As promised, today I’m going to talk about how to compute the strongly connected components
of a directed graph. I’m going to go through one method, called Kosaraju’s algorithm, which is
the easiest to understand. It’s possible to do better that Kosaraju’s by a factor of 2, using
an algorithm called Tarjan’s algorithm, but Tarjan’s is really just a variation on the theme
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This past week, I discovered a new digital music download site, called Bitmunk. It’s less expensive
than iTunes or Amazon, and has a fantastic selection of obscure bands. Through Bitmunk, I found
a couple of terrific new neo-progressive bands, which has me on a serious prog kick. So for today, I’ve
narrowed the domain of the randomization to just the progressive stuff, and I also cheated a bit to make
sure that the two best of the new bands I found are included in the list.
Just to be clear, I’ve got no connection with Bitmunk, they’re not giving me anything to mention them, etc. I found them by way of a comment in the last FRT here. Someone pointed me at the Bayprog website, which I followed to find a link to Metaphor’s website; after listening to a sample there, I decided to buy their album, and they linked to Bitmunk for digital purchases.
- The Mars Volta, “Inertiatic ESP”. The Mars Volta is a recent discovery for me, but not
via the new site. They’re a sort of hyperkinetic neo-progressive group. The best I can do at describing them is to say that they sound like a cross between King Crimson and Dream Theatre, hopped up on too
much caffeine. They’re very good – wonderful when I’m in the right mood, but they’re not the easiest
listen. There’s so much going on, so many fast twists and shifts that it’s easy to get lost. This is a very typical one of their tracks. Weird rhythmic shifts, incredible density. Very cool stuff.
- The Flower Kings, “Pioneers of Aviation”. I love the Flower Kings. They are, in my opinion,
the very best of the neo-progressive bands. Their music is brilliantly written – deep, complex, but still
melodic, and they’ve got the chops to really pull it off. This is one of my favorite instrumental tracks
off of their second most recent album. There’s just no way I can say enough about how great the FKs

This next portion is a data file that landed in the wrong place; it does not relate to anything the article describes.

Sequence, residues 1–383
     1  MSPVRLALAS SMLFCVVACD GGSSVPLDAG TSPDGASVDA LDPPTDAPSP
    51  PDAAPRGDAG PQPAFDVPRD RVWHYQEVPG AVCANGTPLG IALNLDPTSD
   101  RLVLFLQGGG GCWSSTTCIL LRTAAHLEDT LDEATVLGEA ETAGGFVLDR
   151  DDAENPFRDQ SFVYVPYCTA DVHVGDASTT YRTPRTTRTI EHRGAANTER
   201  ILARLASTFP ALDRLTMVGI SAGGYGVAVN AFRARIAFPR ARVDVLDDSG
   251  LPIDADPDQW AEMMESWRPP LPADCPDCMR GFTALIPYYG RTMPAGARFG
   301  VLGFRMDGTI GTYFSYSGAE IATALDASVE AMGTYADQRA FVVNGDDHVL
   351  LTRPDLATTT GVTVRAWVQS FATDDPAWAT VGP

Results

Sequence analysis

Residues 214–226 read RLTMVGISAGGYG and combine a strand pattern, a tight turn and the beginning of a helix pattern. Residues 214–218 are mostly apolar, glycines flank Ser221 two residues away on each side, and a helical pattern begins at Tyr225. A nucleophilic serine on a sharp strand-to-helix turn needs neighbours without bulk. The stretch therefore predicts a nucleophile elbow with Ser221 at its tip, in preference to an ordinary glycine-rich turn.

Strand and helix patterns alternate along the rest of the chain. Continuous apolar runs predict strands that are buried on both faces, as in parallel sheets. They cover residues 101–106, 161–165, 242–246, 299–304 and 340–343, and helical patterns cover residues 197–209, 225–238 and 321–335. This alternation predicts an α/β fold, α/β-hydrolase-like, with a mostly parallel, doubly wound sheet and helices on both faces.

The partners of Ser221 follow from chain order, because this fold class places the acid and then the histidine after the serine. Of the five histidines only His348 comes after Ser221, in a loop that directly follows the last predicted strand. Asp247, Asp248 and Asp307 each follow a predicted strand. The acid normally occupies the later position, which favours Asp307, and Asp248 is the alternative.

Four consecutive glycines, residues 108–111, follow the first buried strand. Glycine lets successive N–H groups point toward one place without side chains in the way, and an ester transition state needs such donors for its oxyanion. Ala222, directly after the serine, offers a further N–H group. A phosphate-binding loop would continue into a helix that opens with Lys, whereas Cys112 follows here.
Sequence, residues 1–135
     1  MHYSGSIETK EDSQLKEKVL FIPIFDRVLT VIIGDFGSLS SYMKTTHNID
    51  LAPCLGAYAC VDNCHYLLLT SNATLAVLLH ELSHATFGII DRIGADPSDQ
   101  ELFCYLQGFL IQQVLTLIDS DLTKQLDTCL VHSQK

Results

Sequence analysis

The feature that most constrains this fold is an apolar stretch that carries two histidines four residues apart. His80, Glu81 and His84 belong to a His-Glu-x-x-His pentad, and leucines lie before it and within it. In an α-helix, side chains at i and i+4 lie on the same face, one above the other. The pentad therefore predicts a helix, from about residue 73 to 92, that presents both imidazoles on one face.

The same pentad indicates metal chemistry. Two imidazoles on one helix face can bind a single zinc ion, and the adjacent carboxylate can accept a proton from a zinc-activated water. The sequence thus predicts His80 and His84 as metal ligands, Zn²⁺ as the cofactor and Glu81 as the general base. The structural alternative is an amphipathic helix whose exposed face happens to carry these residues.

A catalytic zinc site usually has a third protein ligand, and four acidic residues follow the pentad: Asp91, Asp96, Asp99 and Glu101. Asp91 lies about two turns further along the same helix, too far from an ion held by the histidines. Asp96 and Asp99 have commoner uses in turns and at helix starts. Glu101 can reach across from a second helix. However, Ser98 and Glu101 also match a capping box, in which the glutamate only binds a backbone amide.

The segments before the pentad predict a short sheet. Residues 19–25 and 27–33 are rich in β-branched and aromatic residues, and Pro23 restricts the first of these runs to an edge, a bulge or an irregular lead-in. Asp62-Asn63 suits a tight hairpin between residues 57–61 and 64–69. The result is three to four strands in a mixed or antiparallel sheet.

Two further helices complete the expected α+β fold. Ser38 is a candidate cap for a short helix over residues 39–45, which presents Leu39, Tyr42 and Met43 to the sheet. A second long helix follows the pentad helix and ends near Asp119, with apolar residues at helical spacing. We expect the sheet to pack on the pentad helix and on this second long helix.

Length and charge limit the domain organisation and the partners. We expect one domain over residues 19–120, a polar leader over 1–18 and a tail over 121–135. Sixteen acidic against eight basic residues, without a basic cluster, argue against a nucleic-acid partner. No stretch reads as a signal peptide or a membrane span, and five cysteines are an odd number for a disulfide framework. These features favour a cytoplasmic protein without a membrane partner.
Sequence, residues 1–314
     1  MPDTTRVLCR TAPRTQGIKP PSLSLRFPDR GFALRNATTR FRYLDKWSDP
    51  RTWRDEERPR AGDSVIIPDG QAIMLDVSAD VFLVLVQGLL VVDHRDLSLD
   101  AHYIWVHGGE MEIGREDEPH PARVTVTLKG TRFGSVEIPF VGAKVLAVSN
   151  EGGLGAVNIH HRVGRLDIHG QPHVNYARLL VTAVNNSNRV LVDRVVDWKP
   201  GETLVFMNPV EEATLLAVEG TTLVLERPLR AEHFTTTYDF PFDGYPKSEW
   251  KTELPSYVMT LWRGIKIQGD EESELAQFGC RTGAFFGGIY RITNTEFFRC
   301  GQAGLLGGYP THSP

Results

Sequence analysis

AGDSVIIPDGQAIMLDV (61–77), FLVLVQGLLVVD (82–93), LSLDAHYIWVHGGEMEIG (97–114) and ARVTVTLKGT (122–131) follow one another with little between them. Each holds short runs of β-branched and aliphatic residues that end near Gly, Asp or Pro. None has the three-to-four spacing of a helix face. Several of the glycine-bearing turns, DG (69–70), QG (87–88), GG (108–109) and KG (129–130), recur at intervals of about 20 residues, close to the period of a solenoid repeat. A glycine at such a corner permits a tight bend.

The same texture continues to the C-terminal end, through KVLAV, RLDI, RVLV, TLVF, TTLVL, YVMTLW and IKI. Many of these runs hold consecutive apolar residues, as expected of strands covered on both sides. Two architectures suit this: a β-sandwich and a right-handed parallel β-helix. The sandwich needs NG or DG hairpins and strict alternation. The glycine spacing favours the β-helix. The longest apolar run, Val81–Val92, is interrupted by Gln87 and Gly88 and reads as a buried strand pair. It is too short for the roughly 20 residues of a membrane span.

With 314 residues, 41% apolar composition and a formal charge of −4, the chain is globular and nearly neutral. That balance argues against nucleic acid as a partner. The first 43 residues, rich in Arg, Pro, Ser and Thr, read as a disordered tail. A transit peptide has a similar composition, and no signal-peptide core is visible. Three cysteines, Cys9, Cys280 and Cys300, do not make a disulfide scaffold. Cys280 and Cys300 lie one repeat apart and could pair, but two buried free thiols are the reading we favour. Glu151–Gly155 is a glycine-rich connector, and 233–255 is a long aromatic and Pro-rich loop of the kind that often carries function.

- Elegant Simplicity, “Time to Breath”. This is one of the two great bands that I discovered
through Bitmunk. This is the opening track off of their album “The Architect of Light”. I think it’s
a good introduction to them. The opening is wonderfully strange; a capella voice singing the melody
that will become the main theme, placed over a strange King Crimsonesque background of tape loop
and selected noise – with the vocals in a different key than the background, creating a dissonance
out of what will turn out to be a very smooth melodic theme. They’re clearly very influenced by
the Flower Kings – they’ve got a very FKish sound; but not derivative, just clearly influenced.
Very good stuff, I highly recommend it.
- Marillion, “Ocean Cloud”. You can’t talk about neo-prog rock without mentioning Marillion. During the dark days of the 80s, they were one of the only bands keeping the progressive flame
alive. This track is an 18 minute opus off of the “Marbles” double-album, and it’s a great example
of what I think makes Marillion so great. What they’ve always been best at, to me, is transitions: the best moments in their music are always in the points of change, where they’re shifting between themes or moods. “Ocean Cloud” really shows this off, as it shifts back and forth between gentle, almost lullaby-like delicacy, and roaring intensity.
- King Crimson, “FraKctured”. You can’t talk about any kind of progressive rock without mentioning King Crimson. In my opinion they’re just the best progressive group ever, period. They’ve
gone through many incarnations over the years, from the days when they started off as “The Cheerful Insanity of Giles, Giles, and Fripp”; to the original King Crimson; to the Red era, to the quartet
with Fripp, Belew, Bruford, and Levin; to the fractalized ProjeCKts; to the current quartet group. Each
era has been different, all have been amazing.
- Spock’s Beard, “Sometimes They Stay, Sometimes They Go”. One of the first really great
bands in the current wave of neo-progressive. A good track off of their latest album.
- Metaphor, “Wheel of the World”. The other of my Bitmunk discoveries. This is from a
great album, “Entertaining Thanatos”, which the group describes as “Seven lighthearted songs about death”. Metaphor isn’t quite up there with “Elegant Simplicity”, but they’re very good. They’ve got